Friday, 16 May, 2003: Libyan Ambassador to Iran Ali Maria met in Tehran with Vice-President for Legal and Parliamentary Affairs Hojjatoleslam Mohammad-Ali Abtahi and submitted to him a message from Libya's high-ranking officials. Maria said that Libyan officials are making efforts to offer explicit and transparent reports on some of the existing problems to Iranian officials. [IRNA]
Thursday, 15 May, 2003: Libyan leader Mu'ammar al-Qadhafi renewed his calls Wednesday for establishing an Israeli-Palestinian state under the name of "Israteen" to resolve the Middle East conflict. Qadhafi said the solution was plausible on condition of allowing the repatriation of Palestinian refugees from wherever they were. Qadhafi first made his proposal at the Arab summit held in Amman in 2001. It was since made part of his "White Book" published on his private internet Web site. His suggestion "guaranteed the settlement of the Middle East conflict as the new Israteen state would become member of the Arab League," Qadhafi said. [UPI]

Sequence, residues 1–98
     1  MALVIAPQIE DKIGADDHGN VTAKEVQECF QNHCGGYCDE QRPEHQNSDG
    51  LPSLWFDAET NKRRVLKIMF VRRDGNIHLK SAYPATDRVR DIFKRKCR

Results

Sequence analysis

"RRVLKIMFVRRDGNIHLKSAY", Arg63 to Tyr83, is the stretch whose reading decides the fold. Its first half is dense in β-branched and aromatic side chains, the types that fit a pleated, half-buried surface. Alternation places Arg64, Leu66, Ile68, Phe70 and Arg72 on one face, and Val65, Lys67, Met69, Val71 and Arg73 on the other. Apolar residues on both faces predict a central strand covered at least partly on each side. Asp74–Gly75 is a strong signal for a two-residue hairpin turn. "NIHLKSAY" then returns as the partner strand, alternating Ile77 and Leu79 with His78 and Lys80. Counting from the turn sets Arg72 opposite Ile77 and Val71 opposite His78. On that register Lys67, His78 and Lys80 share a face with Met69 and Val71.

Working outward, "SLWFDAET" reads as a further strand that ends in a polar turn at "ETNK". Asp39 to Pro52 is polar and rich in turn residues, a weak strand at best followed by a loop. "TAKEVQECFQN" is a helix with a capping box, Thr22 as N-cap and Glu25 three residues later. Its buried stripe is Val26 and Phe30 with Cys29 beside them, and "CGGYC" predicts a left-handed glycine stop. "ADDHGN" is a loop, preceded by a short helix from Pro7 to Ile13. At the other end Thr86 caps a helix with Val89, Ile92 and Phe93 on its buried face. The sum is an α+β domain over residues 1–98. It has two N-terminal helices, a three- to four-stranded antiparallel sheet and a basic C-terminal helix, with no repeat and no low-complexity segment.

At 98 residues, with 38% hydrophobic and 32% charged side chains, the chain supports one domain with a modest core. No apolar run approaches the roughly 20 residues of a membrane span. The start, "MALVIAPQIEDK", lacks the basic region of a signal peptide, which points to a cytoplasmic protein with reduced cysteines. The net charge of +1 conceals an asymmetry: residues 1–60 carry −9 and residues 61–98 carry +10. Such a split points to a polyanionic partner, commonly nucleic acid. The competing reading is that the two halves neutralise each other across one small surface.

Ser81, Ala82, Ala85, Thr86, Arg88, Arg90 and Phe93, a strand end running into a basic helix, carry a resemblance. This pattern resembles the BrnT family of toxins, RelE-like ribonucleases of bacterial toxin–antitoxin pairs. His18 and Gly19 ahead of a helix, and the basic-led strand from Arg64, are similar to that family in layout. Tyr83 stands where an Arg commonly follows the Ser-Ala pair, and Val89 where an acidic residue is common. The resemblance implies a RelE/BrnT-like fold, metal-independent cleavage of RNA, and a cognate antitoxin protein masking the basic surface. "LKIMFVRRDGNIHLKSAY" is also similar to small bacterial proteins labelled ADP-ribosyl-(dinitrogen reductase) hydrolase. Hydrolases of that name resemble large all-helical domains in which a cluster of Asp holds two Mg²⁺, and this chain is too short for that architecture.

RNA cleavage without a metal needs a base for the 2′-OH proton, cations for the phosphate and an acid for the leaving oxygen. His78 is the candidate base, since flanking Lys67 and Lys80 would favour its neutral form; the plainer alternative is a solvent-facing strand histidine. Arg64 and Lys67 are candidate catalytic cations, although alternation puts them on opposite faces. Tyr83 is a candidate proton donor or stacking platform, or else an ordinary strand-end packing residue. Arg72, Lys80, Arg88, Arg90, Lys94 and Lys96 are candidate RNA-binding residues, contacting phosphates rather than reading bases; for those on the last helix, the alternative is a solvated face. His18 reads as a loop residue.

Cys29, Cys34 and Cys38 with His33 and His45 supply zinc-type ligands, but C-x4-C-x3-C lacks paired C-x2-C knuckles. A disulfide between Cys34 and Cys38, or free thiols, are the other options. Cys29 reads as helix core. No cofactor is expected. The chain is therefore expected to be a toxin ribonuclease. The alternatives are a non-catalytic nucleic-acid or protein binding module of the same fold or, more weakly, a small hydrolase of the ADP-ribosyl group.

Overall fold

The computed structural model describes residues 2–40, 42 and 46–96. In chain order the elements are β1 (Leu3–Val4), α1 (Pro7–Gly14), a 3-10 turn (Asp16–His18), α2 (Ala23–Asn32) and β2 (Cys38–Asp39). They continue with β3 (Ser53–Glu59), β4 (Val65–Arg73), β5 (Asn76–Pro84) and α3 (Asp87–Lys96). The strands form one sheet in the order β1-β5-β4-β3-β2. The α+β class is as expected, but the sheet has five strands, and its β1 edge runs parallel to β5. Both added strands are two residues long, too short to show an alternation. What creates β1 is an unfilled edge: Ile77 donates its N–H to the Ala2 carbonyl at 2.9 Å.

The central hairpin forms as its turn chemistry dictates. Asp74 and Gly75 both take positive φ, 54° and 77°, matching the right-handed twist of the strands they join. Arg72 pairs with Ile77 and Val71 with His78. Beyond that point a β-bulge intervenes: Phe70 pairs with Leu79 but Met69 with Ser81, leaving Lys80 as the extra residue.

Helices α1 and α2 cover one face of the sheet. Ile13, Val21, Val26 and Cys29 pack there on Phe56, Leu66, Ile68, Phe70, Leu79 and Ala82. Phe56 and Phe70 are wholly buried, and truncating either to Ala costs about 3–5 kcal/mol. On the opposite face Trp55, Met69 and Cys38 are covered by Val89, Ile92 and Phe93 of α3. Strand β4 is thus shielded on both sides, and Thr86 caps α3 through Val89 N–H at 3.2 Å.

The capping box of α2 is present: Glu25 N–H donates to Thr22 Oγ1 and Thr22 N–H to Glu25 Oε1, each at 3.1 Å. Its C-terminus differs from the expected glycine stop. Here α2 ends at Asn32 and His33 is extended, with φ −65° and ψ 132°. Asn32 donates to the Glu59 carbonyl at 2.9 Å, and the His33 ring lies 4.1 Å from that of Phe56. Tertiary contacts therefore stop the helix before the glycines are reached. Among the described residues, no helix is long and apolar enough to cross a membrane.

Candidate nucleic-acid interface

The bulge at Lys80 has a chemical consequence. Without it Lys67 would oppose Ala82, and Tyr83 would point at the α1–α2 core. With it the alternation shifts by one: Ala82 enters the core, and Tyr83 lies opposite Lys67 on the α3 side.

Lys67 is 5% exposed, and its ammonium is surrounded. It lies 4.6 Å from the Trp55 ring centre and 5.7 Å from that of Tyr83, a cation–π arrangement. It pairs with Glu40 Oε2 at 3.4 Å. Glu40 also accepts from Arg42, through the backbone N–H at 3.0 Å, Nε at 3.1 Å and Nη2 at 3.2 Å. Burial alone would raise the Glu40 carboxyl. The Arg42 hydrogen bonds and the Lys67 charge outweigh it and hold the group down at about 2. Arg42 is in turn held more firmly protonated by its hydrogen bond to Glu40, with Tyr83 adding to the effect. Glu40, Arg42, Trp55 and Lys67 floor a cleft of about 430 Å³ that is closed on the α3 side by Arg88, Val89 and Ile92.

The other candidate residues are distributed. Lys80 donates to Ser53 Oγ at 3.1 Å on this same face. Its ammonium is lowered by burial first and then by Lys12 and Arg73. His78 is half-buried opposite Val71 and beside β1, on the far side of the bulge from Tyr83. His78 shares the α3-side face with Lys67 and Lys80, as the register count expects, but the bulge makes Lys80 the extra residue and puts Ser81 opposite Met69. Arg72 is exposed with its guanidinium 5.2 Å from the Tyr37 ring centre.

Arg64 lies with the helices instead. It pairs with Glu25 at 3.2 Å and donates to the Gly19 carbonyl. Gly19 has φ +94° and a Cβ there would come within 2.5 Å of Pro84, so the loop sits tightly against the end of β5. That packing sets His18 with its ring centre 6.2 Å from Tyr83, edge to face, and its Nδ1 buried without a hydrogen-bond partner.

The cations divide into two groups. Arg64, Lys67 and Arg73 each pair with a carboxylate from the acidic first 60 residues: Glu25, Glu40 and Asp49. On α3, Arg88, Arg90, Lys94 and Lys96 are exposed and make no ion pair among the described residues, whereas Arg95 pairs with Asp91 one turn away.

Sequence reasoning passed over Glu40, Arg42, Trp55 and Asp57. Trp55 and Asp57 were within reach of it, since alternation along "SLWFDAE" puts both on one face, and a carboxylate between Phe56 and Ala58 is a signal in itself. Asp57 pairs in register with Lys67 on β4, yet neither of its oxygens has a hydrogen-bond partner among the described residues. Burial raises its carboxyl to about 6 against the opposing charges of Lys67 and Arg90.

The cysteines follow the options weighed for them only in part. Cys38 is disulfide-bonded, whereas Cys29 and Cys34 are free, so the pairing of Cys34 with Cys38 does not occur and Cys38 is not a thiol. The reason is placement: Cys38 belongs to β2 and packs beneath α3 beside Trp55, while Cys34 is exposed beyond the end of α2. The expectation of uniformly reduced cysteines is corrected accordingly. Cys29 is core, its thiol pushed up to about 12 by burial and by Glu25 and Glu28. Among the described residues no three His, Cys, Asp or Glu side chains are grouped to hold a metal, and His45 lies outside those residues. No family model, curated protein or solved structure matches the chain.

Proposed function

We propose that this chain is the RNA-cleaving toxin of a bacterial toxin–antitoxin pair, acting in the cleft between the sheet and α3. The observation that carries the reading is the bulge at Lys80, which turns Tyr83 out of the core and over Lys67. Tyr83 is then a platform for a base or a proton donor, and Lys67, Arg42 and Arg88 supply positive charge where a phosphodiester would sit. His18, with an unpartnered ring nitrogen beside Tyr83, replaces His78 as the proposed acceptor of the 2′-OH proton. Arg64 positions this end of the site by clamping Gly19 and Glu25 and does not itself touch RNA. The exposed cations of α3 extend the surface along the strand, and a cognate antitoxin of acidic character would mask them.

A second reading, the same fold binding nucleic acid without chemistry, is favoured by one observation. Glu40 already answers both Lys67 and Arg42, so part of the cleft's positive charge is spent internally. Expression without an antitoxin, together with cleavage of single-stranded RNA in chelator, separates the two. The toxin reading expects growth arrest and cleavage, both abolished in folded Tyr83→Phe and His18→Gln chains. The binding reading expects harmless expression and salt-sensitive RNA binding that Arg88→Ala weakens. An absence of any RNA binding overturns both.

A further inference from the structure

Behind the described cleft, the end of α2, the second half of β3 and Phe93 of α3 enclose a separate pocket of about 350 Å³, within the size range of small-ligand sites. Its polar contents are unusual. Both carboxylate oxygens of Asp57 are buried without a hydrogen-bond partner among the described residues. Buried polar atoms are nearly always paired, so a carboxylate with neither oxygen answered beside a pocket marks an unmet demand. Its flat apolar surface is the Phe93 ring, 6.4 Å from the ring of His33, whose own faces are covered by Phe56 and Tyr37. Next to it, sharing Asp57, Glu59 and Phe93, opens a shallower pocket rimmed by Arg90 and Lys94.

Wednesday, 14 May, 2003: In Malta, a young man who stabbed his ex-girlfriend more than 20 times and left her to bleed to death after deciding that she was better dead than with another man was yesterday jailed for 25 years. Walid Bazena, 23, from Libya, and Rachel Muscat had been seeing each other for years but by August 12, 2002, the relationship had been over for about a year. On that day, Muscat and Bazena got in touch by phone and they met some time after 6 p.m. When Bazena realised that Muscat would not go back to him, he decided that he loved her too much to let her go and that if she would not have him, no one else could have her. [Times Of malta]
Wednesday, 14 May, 2003: Eritrea has denied reports of a planned meeting in Libya between President Isayas Afewerki and his Sudanese counterpart Omar al-Bashir. The Sudanese president visited Tripoli last week and there were reports in the Sudanese and foreign press that Afewerki would meet Bashir and the Libyan leader Colonel Mu'ammar al-Qadhafi in a bid to mend strained relations between Khartoum and Asmara. [IRIN]